* Flyers! Make them visually loud.  Use graphics, fonts etc. to creat an identity/look that is unique and as ‘fun’ as possible.  Make sure correct times and places are included.

Objective #2: The High School Campus

This target is a bit different for you as most of the students will already be involved with some campus activity.  This doesn’t mean you should ignore the recruitment potential in your school – it simply demands that you get a bit creative.  Use all of the above ideas to approach the existing student body at your school; however, here are a few additional ideas.

* Make sure that your school’s admissions ofice has a good amount of information about your program so that they can direct transfer students your way.  If your school has a website, ask to have the audition information placed onto the site.

* Create a rehearsal party prior to audition week.  Have existing guard members invite their friends to come to a rehearsal.  Of course, this rehearsal will include games, prizes and snacks – go easy on the ‘work’ side of things.  In addition, they will all get to leave the ‘rehearsal’ with a wonderful parting gift…an audition flyer!

* If your school has a TV station or media center, make sure you schedule ‘air time’.  Encourage your team leaders to create a ‘commercial’ advertising the auditions.  By all means, review it prior to broadcast to ensure the appropriate message is being sent.

* Most of all get your existing team fired up and ready to promote and bedazzle (for lack of a better word) potential candidates.  Your current team is your best weapon in the recruitment process.  The reality is that for all your efforts, potential candidates will need to identify with the existing team members to feel a connection.  Your members must be aware of their responsibility to welcome and encourage all who are interested in auditioning.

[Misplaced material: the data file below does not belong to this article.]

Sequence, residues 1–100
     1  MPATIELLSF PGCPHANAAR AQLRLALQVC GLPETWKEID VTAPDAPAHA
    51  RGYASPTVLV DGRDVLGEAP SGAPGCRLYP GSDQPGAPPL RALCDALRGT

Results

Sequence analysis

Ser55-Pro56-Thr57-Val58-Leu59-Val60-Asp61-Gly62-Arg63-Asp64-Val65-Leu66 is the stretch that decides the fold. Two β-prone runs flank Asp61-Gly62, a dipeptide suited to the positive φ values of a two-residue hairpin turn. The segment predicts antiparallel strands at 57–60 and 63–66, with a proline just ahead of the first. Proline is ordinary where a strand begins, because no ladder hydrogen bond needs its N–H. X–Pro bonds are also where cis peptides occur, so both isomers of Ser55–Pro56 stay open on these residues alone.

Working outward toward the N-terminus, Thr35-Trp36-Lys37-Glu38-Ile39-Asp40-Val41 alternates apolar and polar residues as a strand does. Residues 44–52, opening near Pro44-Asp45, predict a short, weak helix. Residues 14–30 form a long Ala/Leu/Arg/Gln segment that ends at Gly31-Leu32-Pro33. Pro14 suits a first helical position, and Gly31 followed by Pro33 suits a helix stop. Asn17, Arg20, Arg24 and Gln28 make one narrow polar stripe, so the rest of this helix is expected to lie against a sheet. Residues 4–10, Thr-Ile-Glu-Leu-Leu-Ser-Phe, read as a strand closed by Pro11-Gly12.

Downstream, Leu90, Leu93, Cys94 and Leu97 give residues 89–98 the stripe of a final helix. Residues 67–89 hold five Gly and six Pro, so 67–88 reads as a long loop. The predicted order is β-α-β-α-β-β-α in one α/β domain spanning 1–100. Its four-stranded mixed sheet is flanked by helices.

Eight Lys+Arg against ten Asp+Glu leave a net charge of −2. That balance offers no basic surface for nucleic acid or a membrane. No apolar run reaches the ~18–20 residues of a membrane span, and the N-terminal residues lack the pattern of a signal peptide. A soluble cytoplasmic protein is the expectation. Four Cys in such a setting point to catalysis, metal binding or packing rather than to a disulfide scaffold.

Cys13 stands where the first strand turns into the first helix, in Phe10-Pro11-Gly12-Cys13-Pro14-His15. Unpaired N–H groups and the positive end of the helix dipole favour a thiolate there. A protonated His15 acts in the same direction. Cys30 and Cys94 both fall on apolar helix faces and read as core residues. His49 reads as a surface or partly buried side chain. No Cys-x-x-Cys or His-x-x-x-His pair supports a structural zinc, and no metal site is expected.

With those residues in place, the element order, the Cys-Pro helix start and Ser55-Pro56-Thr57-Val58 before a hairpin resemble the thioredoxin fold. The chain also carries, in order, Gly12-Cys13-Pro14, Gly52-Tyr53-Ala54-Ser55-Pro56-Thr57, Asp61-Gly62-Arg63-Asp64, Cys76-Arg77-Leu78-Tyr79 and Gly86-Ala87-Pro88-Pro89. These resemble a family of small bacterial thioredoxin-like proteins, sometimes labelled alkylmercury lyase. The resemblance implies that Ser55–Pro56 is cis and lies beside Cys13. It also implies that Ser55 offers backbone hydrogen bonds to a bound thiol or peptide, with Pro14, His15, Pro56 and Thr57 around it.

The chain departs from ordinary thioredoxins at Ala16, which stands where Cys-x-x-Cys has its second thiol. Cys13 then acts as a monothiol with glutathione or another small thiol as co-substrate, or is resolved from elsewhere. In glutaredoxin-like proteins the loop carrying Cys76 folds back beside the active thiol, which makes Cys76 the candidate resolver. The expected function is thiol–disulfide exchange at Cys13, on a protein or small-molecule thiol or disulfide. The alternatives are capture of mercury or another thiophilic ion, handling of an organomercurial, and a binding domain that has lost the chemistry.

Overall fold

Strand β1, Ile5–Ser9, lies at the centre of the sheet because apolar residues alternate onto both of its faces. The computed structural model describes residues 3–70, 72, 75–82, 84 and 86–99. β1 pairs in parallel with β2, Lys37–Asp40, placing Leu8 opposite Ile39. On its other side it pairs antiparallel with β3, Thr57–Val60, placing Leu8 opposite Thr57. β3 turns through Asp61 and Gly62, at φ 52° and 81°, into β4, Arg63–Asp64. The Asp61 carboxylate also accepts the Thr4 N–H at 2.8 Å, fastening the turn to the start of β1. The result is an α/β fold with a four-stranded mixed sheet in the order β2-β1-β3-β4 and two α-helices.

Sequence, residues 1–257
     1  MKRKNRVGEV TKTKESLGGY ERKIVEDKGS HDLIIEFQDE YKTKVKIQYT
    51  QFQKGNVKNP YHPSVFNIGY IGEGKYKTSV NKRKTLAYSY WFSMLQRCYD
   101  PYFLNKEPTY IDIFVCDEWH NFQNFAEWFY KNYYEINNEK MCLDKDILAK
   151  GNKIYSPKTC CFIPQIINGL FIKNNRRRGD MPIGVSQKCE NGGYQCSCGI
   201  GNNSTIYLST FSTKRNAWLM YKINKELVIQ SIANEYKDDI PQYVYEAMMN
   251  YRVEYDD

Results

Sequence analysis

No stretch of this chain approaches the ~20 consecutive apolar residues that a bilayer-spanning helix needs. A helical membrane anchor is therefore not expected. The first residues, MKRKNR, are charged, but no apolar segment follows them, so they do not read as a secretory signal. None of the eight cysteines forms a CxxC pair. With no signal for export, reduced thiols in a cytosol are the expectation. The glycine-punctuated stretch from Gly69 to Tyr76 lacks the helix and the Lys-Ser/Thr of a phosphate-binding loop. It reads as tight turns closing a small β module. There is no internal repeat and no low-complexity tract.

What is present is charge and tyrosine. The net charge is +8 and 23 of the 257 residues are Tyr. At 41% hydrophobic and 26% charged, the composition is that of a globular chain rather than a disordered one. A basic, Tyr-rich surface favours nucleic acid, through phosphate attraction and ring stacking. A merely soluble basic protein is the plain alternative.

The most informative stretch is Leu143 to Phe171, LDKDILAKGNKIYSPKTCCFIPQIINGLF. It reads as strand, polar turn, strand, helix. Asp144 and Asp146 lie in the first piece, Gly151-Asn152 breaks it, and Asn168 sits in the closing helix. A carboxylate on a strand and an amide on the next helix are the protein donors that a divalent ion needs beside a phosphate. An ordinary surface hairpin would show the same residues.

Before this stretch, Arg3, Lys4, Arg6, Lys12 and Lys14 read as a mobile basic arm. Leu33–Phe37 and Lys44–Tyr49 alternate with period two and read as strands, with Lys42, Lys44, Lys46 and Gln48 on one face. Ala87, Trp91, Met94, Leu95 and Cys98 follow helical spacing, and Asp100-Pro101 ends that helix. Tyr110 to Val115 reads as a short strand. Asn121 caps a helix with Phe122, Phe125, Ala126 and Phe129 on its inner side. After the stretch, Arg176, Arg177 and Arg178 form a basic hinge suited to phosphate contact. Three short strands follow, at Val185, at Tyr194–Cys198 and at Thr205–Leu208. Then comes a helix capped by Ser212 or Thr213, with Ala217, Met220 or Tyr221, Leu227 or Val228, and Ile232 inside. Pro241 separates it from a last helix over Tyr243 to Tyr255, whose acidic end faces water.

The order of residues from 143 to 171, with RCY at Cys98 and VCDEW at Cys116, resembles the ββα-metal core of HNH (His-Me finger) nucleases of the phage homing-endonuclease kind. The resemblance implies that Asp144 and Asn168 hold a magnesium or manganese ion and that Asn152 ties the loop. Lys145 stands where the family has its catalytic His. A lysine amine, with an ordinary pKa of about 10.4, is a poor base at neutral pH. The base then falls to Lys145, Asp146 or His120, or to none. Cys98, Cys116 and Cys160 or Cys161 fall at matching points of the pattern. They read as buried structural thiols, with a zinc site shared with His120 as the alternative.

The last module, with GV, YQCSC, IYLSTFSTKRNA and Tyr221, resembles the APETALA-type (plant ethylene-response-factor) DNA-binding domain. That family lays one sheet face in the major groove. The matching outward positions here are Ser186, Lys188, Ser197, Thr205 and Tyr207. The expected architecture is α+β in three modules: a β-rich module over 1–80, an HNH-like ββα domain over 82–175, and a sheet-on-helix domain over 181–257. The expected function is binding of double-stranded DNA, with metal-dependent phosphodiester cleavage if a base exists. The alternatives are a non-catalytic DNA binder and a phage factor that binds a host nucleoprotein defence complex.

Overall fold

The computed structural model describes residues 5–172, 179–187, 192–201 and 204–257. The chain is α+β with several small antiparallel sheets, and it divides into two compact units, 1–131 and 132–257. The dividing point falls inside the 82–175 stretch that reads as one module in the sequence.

Finally, when considering your options in the F.M.B., be creative and original just like you are in the design process.  Think way outside of the box.  You are marketing your team and branding it for future performers.  Do not think that you will be able to do this alone.  Enlist as much parental help as possible.  Your band director is also a fantastic tool in this process among the staff at the school.

So, without further ado, I leave you to plan your very own original F.M.B. – make it visually explosive and discover those future stars!!!


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Category: Recruitment/Auditions, Team Management, Teambuilding

About the Author (Author Profile)

Chris Casteel is an adjudicator with the Winter Guard Association of Southern California (WGASC). She was an instructor in the activity for approximately 20 years before moving into adjudication. She teaches Language Arts and Writing at a middle school in San Marcos, CA and is also a mentor teacher for the school. She holds a BA degree in Education, a California Teaching Credential and a Masters degree in education. Thanks to Chris Casteel for sharing her ideas and for WGASC for allowing the republication of her articles on this website for instructors outside of the WGASC circuit.